The Federal High Court sitting in Abuja, okayed the N2billion suit filed by the detained leader of the Shi’ite Islamic sect, Sheikh Ibraheem Zakzaky, against the Federal Government.
The trial judge, Justice Gabriel Kolawole, however, fixed June 14 for hearing.
He further ordered service of the relevant court processes on the Attorney General of the Federation and Minister of Justice, Abubakar Malami, SAN. Also cited as respondent alongside AGF are the Department of State Services, DSS, and the Nigerian Police Force.
Zakzaky, who had been in detention since December 2015, through his counsel Femi Falana, SAN, is praying the court for the enforcement of his fundamental rights to life, personal liberty, dignity of human person, right to private and family life and private property.
Falana hinged the suit marked FHC/CS/128/2016 on Sections 33, 34, 35, 36, 37, 40, 41 and 46 (1) & (2) of the 1999 Constitution, as amended, as well as on Articles 4, 5, 6, 11 and 12(1) of the African Charter on Human & Peoples Rights (Ratification and Enforcement) Act, LFN, 2010.
The plaintiff wants the court to declare that the detention of the applicant at Abuja by the respondents since December 14, 2015, was illegal and unconstitutional as it violated his fundamental rights to personal liberty as enshrined in section 35 of the Constitution of the Federal Republic of Nigeria, as amended, and Article 6 of the African Charter on Human and Peoples’ Rights (Ratification and Enforcement) Act (CAP A10), Laws of the Federation of Nigeria, 2004.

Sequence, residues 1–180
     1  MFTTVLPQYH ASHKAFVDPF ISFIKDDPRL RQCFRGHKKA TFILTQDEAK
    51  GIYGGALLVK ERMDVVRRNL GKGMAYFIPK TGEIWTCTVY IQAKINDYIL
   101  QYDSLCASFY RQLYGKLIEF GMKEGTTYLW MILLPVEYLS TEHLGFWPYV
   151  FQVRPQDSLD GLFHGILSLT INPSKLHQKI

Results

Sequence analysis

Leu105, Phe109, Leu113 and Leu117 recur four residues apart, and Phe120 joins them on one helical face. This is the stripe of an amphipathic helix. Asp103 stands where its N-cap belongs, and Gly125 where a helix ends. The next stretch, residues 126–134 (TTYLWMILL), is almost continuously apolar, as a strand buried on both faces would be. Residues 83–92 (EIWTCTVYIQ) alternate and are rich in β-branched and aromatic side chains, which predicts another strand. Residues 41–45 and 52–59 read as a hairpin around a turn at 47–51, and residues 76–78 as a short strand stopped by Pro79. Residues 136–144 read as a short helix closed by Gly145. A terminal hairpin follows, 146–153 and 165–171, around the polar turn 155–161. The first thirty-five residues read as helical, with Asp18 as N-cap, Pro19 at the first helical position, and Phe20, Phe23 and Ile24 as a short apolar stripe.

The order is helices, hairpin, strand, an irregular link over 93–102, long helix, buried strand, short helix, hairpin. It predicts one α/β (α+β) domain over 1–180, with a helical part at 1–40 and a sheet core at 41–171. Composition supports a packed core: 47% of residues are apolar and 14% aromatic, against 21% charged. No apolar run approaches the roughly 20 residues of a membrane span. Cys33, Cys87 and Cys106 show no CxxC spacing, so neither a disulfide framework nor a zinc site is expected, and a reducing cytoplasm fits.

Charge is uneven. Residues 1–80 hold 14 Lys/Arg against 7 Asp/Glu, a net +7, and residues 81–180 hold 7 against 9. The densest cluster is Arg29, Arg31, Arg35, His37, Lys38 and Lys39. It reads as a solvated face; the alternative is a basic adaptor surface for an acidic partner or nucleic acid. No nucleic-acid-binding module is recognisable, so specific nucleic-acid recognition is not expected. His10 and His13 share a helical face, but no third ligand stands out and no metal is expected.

Falana is also contending that the continued detention of his client without being charged before a competent court is in violation of his right to fair hearing as enshrined in section 36 of the 1999 Constitution, as amended.
He further submitted that the applicant had since lost one of his eyes, owing to the treatment meted out to him by security agents, acting on behalf of the Federal Government, adding that the detained Sh’ite leader was denied access to his medical doctors, family members and relatives.
He, however, submitted that the applicant’s rights to health and association as enshrined in Article 16 of the African Charter on Human and Peoples Rights had been violated.
Falana prayed the court to declare that detention of the applicant without access to his family and friends was not only illegal but in violation of his rights to freedom of association as enshrined in section 40 of the Constitution.
He further prayed the court for an order directing the immediate and unconditional release of the applicant from the custody of the 1st and 2nd respondents. He also prayed the court for an order restraining the respondents from further violating the applicant’s fundamental rights in any manner whatsoever and howsoever without lawful justification.